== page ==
OpenStack: Quick and automatic instance snapshot backup and restore (and before an apt upgrade) with nova backup

20-12-2016 | Remy van Elst

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This is a guide that shows you how to create OpenStack instance snapshots automatically, quick and easy. This allows you to create a full backup of the entire instance. This guide has a script that makes creating snapshots from an OpenStack VM automatic via cron. The script uses the nova backup function, therefore it also has retention and rotation of the backups. It also features an option to create a snapshot before every apt action, upgrade/install/remove. This way, you can easily restore from the snapshot when something goes wrong after an upgrade. Snapshots are very usefull to restore the entire instance to an earlier state. Do note that this is not the same as a file based backup, you can't select a few files to restore, it's all or nothing.

OpenStack Compute (Nova) has a feature that allows you to create a snapshot of a (running) instance, namely nova image-create. This uses the underlying hypervisor to create an instant snapshot of the virtual machine. In the case of KVM/qemu this is a qemu-snapshot. This image is then stored in the Glance image store, allowing you to create a new VM based on the image, thus restoring the backup or creating a clone. If you use floating IP's, it's a matter of assigning the floating IP to the new VM and you're all set.

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Snapshot before an apt install/upgrade

Snapshots are a fast and easy way to clone or restore an instance to an earlier point. Let's say you're doing an upgrade of your application and it goes horribly wrong. Rollback fails and it's the middle of the night. Do you want to go and restore all the files and databases from the backup of 18 hours earlier, manually? Or do you want to revert the entire thing to a full snapshot from before the upgrade? If I could choose, I would know.

Do note that I still recommend you create regular backups. They allow for a more fine-grained way to restore files/folders/databases and have things like compression and incremental/differential support, thus backing up only the things that have changed since the last backup. This snapshot method is just a copy of the enitre disk, taking up more space.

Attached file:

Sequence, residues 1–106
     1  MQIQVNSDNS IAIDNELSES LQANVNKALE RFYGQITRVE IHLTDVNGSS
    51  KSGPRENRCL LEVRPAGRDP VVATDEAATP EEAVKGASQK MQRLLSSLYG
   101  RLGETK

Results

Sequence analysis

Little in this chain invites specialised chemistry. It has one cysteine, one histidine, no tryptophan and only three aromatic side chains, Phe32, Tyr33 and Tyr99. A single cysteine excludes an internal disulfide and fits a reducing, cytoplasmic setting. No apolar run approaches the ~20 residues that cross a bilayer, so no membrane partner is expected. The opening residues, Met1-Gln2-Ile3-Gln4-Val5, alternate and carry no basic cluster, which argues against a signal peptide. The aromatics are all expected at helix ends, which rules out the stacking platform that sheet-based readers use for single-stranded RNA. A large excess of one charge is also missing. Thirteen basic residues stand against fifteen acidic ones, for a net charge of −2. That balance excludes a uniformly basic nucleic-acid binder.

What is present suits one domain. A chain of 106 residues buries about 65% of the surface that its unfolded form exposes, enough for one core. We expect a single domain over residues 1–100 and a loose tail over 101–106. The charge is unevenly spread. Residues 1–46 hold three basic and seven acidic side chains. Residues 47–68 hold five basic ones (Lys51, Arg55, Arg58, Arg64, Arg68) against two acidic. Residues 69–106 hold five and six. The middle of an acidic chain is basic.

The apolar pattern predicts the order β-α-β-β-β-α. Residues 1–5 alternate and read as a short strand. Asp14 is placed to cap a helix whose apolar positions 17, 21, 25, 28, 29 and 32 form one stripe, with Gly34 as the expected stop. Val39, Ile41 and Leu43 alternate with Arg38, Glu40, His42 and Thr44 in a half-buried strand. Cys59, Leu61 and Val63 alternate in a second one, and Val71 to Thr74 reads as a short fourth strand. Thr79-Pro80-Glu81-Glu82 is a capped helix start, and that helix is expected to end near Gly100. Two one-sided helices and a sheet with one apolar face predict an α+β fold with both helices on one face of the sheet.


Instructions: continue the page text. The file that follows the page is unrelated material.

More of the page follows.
Nova Backup

The compute part of OpenStack, nova, has multiple options to create images (snapshots) of an instance. One is with the nova image-create command. This creates an instant snapshot and uploads that to Glance, the image storage component.

The second option is nova backup. This is almost the same as image-create, with the addition of rotation of the backup snapshots. There are two extra parameters, backup_type and rotation. The documentation is a bit sparse on this, but the api and the source code provide more detail.

The backups are normal glance images. Based on the backup_type a set number of images is saved. Once there are more images of that type then specified in rotation, the oldest is deleted. If we create a backup every day with backup_type set to daily and rotation set to 7, on the 8'th day, the oldest image will be automatically removed (on creation of the new backup).

There is no scheduling in OpenStack, you need to create these backups yourself, from cron for example. The script allows you to specify a backup_type and a rotation. The example sets up the following scheme: